The Redentore in Venice is a festival deeply appreciated by the Venetians. Besides being a very spectacular event loved by tourists, the Redentore celebration in Venice is one of the oldest and most popular festivals in Venice.
The Festa del Redentore is an event held in Venice the third weekend in July. The Redentore began as a feast to give thanks for the end of the terrible plague of 1576, which killed 50,000 people. To try and stem the pandemic, the Venetian Doge Alvise Mocenigo vowed to build a splendid basilica and so on the third Sunday of July in 1577, the first stone of the Church of the Redeemer on the island of Giudecca was placed; it was decided to celebrate the end of pestilence by setting up a floating walkway between Venice and the island of Giudecca on which a procession of the population and the highest officers and of the Republic would march.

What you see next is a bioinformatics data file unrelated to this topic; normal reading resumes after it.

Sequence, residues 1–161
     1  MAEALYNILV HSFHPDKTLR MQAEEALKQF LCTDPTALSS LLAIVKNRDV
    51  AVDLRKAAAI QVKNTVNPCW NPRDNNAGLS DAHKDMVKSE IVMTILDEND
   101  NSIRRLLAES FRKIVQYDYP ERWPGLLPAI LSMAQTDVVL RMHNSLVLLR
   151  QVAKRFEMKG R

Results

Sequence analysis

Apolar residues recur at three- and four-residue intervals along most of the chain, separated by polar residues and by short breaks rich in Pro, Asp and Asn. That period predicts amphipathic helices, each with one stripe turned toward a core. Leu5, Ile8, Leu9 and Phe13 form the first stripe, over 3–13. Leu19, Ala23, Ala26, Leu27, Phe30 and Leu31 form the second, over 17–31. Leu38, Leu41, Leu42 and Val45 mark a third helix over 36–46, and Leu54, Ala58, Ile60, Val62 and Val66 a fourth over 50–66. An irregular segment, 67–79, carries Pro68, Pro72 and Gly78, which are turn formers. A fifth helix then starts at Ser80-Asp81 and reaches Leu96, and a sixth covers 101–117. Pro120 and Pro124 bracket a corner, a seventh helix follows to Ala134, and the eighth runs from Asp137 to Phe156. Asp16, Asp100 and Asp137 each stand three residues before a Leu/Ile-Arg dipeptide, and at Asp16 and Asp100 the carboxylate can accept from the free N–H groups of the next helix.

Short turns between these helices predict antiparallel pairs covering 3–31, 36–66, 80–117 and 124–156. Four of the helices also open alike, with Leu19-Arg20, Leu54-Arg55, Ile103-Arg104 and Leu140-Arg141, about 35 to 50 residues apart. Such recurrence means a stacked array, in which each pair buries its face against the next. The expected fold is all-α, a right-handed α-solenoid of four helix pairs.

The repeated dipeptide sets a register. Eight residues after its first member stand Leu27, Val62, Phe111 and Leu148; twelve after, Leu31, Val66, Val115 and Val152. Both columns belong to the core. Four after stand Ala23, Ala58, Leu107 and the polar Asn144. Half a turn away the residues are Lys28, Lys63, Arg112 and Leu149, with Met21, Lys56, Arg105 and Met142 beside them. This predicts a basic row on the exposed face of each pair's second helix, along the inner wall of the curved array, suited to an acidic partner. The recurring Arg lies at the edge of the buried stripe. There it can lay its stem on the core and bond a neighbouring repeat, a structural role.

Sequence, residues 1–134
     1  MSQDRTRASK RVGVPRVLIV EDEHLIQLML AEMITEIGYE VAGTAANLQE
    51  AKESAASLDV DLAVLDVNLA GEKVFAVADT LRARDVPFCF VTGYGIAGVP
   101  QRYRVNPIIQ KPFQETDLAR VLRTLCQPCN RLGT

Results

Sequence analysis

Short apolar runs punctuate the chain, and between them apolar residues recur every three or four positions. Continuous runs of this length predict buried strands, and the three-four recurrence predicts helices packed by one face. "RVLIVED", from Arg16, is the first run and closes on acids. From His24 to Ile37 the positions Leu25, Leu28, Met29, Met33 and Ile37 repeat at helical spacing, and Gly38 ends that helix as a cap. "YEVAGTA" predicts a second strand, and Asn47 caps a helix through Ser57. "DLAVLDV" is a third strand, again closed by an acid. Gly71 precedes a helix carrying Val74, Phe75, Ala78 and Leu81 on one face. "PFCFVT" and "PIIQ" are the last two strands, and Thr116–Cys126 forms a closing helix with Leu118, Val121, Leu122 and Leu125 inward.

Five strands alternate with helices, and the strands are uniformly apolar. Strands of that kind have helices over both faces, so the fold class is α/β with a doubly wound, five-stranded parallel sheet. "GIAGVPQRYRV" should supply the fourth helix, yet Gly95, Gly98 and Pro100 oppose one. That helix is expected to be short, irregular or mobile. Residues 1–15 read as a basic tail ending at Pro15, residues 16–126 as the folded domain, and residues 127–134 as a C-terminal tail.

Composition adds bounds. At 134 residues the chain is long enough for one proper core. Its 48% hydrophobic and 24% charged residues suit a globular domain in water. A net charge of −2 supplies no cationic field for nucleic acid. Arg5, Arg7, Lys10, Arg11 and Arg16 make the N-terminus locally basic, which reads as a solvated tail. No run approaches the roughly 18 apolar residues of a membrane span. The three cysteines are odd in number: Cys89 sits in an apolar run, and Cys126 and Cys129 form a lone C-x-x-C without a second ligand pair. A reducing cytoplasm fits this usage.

On Saturday, the eve of the festival, fireworks are let off. Preparations begin early in the morning when people begin to decorate their boats, or the small wooden terraces on rooftops from where they can admire the fireworks. At sunset, Saint Mark's basin begins to fill with up with boats of all kinds and thousands of Venetians await the fireworks while dining on the boats. Around 10 o'clock at night, from pontoons placed nearby the island of San Giorgio Maggiore, the fireworks begin and Saint Mark's basin becomes one of the most atmospheric stages in the world. The fireworks last for around 45 to 60 minutes, illuminating the night and arousing intense emotions in both Venetians and visitors. Once the fireworks are over, the young people of the city head off to the Lido, where they sit on the sand and wait for dawn. Sunday is devoted to religious celebrations.